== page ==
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Loretta Loftus, Christine Laronga, Karen Coyne and Lynne Hildreth

Analysis of Moffitt Cancer Center data on time from breast biopsy to first definitive surgery showed an average of 6.9 weeks, which concerned the breast program faculty members. Delays in curative surgery may impact mortality, quality of life, and time to adjuvant therapy. The purpose of this study was to analyze steps from breast biopsy to definitive breast cancer surgery and to develop proposals and strategies for improvement. Data were collected from various sources, including the tumor registry, patient appointment system, tumor board lists, and the NCCN Oncology Outcomes Database for Breast Cancer. Three phases of the surgical process were identified with regard to lead time: biopsy to first consult (BX-FC); first consult to tumor board (FC-TB); and tumor board to surgery (TB-SU). Other factors, including operating room capacity and schedules, were also evaluated. The greatest percentage of total lead time occurred in the TB-SU phase (52% vs 35% in BX-FC, and 13% in FC-TB phases). The longest average lead time, 3.6 weeks, was also in the TB-SU phase. The TB-SU time was greatest when surgery was scheduled after tumor board and if surgery required breast reconstruction. Limitation of physician capacity was a major factor in treatment delay. The Opportunity for Improvement project enabled institutional analysis of the need for quality improvement in time for curative surgery for breast cancer. A significant factor that created time delay was physician capacity. As a result, additional faculty and staff have been recruited. A new expanded facility is currently in progress that will provide more physical space and services.

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Therese B. Bevers, Deborah K. Armstrong, Banu Arun, Robert W. Carlson, Kenneth H. Cowan, Mary B. Daly, Irvin Fleming, Judy E. Garber, Mary Gemignani, William J. Gradishar, Helen Krontiras, Swati Kulkarni, Christine Laronga, Loretta Loftus, Deborah J. MacDonald, Martin C. Mahoney, Sofia D. Merajver, Ingrid Meszoely, Lisa Newman, Elizabeth Pritchard, Victoria Seewaldt, Rena V. Sellin, Charles L. Shapiro and John H. Ward

Breast cancer is the most commonly diagnosed cancer in American women with 209,060 and 54,010 estimated cases of invasive breast cancer and female carcinoma in situ, respectively, in 2010. Approximately 39,840 women will die of breast cancer in the United States in 2010.1 Risk factors for the development of breast cancer can be grouped into categories, including familial/genetic factors (family history, known or suspected BRCA1/2, TP53, PTEN, or other gene mutation associated with breast cancer risk); factors related to demographics (e.g., age, ethnicity/race); reproductive history (age at menarche, parity, age at first live birth, age at menopause); environmental factors (prior thoracic irradiation before age 30 years [e.g., to treat Hodgkin disease], hormone replacement therapy [HRT], alcohol consumption); and other factors (e.g., number of breast biopsies, atypical hyperplasia or lobular carcinoma in situ [LCIS], breast density, body mass index). Estimating breast cancer risk for the individual woman is difficult, and most breast cancers are not attributable to risk factors other than female gender and increased age. The development of effective strategies for the reduction of breast cancer incidence has also been difficult because few of the existing risk factors are modifiable and some of the potentially modifiable risk factors have social implications extending beyond concerns for breast cancer (e.g., age at first live birth). Nevertheless, effective breast cancer risk reduction agents/strategies, such as tamoxifen, raloxifene, and risk reduction surgery, have been identified. However, women and their physicians who are considering interventions to reduce risk for breast cancer must balance the demonstrated...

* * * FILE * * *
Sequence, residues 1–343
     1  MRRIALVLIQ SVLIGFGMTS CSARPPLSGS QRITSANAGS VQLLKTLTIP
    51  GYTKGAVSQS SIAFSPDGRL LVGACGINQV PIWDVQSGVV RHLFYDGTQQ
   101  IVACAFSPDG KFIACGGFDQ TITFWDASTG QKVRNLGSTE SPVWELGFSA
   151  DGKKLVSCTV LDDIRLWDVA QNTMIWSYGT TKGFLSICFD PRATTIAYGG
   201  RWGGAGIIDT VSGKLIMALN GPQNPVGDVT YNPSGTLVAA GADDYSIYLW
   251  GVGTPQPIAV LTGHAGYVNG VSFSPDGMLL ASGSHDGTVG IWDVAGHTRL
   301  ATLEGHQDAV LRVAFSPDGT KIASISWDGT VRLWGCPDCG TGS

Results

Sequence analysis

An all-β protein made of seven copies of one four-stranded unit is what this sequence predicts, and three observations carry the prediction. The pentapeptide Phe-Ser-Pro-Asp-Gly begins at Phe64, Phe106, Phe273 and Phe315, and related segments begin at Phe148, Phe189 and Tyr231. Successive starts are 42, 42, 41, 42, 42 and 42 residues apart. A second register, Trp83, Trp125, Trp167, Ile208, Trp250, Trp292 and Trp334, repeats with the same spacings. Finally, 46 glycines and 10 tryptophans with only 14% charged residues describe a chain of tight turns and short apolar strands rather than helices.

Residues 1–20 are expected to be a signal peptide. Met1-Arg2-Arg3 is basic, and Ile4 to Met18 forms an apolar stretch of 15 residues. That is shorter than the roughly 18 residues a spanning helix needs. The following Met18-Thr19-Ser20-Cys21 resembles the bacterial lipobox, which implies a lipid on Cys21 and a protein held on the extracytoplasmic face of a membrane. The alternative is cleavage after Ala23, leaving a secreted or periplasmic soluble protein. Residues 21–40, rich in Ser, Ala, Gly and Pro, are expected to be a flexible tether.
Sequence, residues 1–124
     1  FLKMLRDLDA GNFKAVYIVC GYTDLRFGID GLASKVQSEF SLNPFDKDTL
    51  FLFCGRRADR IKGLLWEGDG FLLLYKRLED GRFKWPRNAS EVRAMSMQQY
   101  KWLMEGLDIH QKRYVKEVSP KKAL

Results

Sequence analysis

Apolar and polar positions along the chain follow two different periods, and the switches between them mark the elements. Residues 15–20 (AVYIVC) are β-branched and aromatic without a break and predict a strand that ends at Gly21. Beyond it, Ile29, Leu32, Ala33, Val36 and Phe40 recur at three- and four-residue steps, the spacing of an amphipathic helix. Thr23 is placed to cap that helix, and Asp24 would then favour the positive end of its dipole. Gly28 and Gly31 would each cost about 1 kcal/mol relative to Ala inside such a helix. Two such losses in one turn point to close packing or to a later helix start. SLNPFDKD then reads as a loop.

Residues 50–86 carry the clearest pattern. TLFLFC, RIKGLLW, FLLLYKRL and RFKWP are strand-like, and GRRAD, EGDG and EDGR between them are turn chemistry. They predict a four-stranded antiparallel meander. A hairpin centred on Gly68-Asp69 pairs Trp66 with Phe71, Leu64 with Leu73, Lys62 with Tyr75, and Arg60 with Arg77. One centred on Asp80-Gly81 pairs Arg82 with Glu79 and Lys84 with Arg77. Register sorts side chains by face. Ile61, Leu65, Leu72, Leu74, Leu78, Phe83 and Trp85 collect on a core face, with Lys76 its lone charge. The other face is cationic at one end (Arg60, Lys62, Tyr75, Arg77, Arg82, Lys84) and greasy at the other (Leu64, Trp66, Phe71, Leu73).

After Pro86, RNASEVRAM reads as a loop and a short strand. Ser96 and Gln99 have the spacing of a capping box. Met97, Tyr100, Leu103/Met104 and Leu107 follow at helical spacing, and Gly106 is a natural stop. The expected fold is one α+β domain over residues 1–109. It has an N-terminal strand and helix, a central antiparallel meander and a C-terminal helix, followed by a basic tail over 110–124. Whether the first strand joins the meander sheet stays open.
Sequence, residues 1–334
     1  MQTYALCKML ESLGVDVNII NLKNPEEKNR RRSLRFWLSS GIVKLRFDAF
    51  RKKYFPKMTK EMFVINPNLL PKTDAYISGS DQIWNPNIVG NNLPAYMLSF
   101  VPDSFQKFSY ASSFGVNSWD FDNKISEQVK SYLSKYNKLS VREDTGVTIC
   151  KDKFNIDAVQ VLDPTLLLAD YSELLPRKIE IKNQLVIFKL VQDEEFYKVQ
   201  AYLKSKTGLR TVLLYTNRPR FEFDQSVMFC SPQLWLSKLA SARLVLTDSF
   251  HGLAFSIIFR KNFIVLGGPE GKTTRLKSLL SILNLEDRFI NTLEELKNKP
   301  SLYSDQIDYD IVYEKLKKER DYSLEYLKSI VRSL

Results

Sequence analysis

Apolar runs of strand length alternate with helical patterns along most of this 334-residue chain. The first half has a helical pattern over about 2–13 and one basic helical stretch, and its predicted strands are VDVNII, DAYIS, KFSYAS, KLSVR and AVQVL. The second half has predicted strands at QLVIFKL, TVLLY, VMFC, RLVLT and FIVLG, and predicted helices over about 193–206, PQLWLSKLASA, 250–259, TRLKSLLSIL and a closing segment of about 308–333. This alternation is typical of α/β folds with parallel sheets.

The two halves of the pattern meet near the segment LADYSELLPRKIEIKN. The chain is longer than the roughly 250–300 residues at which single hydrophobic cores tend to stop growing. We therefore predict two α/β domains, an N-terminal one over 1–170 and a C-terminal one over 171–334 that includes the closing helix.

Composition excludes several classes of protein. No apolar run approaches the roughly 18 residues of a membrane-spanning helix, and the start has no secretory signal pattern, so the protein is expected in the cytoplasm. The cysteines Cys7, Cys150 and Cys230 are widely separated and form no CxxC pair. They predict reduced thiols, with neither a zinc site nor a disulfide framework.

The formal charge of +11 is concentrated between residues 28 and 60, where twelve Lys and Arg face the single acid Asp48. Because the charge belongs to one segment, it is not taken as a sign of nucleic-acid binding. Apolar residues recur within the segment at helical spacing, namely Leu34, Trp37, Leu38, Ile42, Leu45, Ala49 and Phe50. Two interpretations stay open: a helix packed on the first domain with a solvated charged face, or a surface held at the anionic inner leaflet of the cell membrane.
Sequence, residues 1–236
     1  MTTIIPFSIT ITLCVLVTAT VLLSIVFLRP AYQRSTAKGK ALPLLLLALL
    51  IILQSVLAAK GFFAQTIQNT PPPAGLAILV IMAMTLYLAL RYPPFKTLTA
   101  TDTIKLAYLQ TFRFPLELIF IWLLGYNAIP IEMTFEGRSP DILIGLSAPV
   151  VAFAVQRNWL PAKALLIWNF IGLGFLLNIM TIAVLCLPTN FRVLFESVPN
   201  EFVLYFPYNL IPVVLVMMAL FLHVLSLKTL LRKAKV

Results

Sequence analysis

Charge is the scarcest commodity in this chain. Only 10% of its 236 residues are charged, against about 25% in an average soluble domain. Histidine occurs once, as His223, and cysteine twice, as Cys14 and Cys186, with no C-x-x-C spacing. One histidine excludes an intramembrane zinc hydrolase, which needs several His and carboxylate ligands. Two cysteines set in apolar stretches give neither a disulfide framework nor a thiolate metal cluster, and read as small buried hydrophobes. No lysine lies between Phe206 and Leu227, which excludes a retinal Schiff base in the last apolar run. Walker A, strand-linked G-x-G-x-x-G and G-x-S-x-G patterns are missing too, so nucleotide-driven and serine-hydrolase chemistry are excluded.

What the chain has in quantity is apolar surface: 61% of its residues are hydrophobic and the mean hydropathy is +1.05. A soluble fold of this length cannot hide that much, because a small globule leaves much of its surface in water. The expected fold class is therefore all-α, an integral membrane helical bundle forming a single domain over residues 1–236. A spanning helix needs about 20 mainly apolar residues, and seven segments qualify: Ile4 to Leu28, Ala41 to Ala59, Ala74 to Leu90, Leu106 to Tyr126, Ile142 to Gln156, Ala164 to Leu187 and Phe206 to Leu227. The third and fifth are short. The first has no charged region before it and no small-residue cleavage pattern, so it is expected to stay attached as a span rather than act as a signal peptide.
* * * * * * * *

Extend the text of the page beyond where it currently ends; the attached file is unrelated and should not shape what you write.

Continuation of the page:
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Therese B. Bevers, John H. Ward, Banu K. Arun, Graham A. Colditz, Kenneth H. Cowan, Mary B. Daly, Judy E. Garber, Mary L. Gemignani, William J. Gradishar, Judith A. Jordan, Larissa A. Korde, Nicole Kounalakis, Helen Krontiras, Shicha Kumar, Allison Kurian, Christine Laronga, Rachel M. Layman, Loretta S. Loftus, Martin C. Mahoney, Sofia D. Merajver, Ingrid M. Meszoely, Joanne Mortimer, Lisa Newman, Elizabeth Pritchard, Sandhya Pruthi, Victoria Seewaldt, Michelle C. Specht, Kala Visvanathan, Anne Wallace, Mary Ann Bergman and Rashmi Kumar

Breast cancer is the most frequently diagnosed malignancy in women in the United States and is second only to lung cancer as a cause of cancer death. To assist women who are at increased risk of developing breast cancer and their physicians in the application of individualized strategies to reduce breast cancer risk, NCCN has developed these guidelines for breast cancer risk reduction.